• Pre-prep the Any-Night Baked Rice, getting it oven-ready before your guests arrive. Then, when you’re about 1/2 an hour from dinner, slide it into the preheated oven.
Make the Gateau a Chocolate a day in advance.

Enjoy, friends! And if you liked this post, here’s how you can support this website, with no additional cost to you. Next time you want to order something from Amazon, simply start your search through one of my links, such as the one below. I’ll receive a small commission from anything you order (even if it’s not exactly what I’m promoting!). Thanks for your consideration, and thanks, as always, for reading Chez Bonne Femme.

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Chocolate cake photo by Asbjørn Floden via Flicker.
Coq au Vin photo by Leoslo via Flickr.

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4 comments to Make-Ahead Coq au Vin Menu and Wine Pairings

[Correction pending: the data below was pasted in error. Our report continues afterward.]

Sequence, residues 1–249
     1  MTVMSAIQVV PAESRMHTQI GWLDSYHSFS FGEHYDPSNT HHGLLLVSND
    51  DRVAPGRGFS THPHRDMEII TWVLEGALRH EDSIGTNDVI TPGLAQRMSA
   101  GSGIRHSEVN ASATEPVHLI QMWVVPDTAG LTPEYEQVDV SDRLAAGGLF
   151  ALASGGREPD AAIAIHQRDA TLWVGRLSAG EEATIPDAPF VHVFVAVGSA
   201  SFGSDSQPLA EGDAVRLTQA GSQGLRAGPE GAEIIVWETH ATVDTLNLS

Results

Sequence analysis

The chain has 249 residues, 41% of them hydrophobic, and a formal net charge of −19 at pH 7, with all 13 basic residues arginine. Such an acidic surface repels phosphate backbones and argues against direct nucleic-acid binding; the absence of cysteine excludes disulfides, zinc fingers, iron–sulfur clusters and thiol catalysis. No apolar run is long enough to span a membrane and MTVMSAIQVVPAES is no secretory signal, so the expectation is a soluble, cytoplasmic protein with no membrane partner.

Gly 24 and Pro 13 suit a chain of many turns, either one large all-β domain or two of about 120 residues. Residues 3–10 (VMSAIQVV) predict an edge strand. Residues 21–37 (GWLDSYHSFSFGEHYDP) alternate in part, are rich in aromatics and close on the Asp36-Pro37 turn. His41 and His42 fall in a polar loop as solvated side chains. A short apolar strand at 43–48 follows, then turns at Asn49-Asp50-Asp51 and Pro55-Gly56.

• I had my first ever coq au vin this past weekend in Dijon. Very dark sauce..i felt almost drunk afterwards even though they said the alchol had burned off. Trés delish.

    • Wini

      I often feel a bit “tipsy” when I eat in France–even if I don’t drink any wine at all. And I think that’s part of the reason: There’s still a little alcohol left in anything you cook with wine. It’s a trace amount.

      I also think, though, that I get a genuine buzz when I’m happy and in France….it can feel like being tipsy, but really, it’s just being happy!

  • What a delicious menu/party! I love how you broke the timing/preparation down for us. This is the hardest part of entertaining. And may I say again, your gougères are the best I have ever made.

    • Wini

      I’m so glad you like my gougères! For that dinner party, another couple came later than the rest….and ALL the gougères had been eaten up–people just couldn’t resist. I felt bad, but I also knew that once I put them out, there was no stopping my guests from finishing them off!